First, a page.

From the article in the Golden Valley Patch: Prosecutors have dropped misdemeanor charges against two Hopkins High School students who protested alleged racial insensitivity at the school, and the district has overturned the students’ suspensions, according to a joint statement from the school district and the students' attorney. The actions follow a “restorative justice” process initiated to bring closure to a February confrontation between black students and school officials that led to a student walkout in May.
Limits of school-based restorative justice in reducing school suspension
from the entry by Irene Sheppard on Restorativity: ....As I have chronicled in some previous posts, Restorative Practices/School-Based Restorative Justice is being taken more and more seriously as a way to reduce the harmful effects of school suspension. Certainly, when students are being suspended for the relatively minor infractions that compose a great fraction of the reasons for suspension, at least in the Detroit data–verbal abuse, talking back, violations of dress code, possibly even substance abuse–suspension makes no sense, and teaching students to be respectful of others by promoting affective communication and empathy makes perfect sense. Even serious violations of student behavior that do not pose a grave physical danger to others may be perfect candidates for school-based restorative practices.
Call for more restorative justice plans
from the article by Fiona Gartland in the Irish Times: A restorative programme to help develop conflict resolution skills in west Tallaght in Dublin should be rolled out to all schools in Ireland, former governor of Mountjoy Prison John Lonergan has said. At the launch of a report evaluating the Restorative Practice Programme of the Childhood Development Initiative, Mr Lonergan said inter-community relationships “are at the very heart of the quality of life that people have”.
LAUSD drops “willful defiance” suspensions for “restorative justice” approach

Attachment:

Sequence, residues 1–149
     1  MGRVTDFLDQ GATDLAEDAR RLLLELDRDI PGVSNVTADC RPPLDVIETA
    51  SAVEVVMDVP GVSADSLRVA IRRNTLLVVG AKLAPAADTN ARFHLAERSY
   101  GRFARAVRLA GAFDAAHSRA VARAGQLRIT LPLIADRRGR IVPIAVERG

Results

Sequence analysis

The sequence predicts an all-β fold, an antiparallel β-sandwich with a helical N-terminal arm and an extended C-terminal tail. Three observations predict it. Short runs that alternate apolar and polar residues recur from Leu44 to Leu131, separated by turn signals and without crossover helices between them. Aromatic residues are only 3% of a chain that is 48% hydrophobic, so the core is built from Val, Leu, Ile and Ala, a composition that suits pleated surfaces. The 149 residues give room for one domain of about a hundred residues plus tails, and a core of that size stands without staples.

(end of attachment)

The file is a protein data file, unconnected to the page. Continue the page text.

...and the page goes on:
from the article by Jessica Perez in Boyle Heights Beat: The Los Angeles Unified School District voted Tuesday to ban suspensions for “willful defiance,” a major shift from the previously instituted zero tolerance policy. In a 5 to 2 vote, the board adopted the 2013 School Discipline Policy and School Climate Bill of Rights proposed by LAUSD board President Monica Garcia.
Fresno Unified approves restorative justice program
from that article by Linda Mumma for ABC30: After three years of working with the district -- members of the youth advocacy group "Students United to Create A Climate of Engagement, Support and Safety" -- got the outcome they were looking for. Fresno Unified School Board Member Carol Mills said, "This board hereby adopts this resolution to create and implement a school discipline framework of restorative practices."
Fresno Unified approves restorative justice program
from that article by Linda Mumma for ABC30: After three years of working with the district -- members of the youth advocacy group "Students United to Create A Climate of Engagement, Support and Safety" -- got the outcome they were looking for. Fresno Unified School Board Member Carol Mills said, "This board hereby adopts this resolution to create and implement a school discipline framework of restorative practices."
Defusing conflict in schools
from the photo essay by Jim Wilson in the New York Times: Mr. Butler passed a “talking stone” to a student during a circle, indicating that the student had the floor.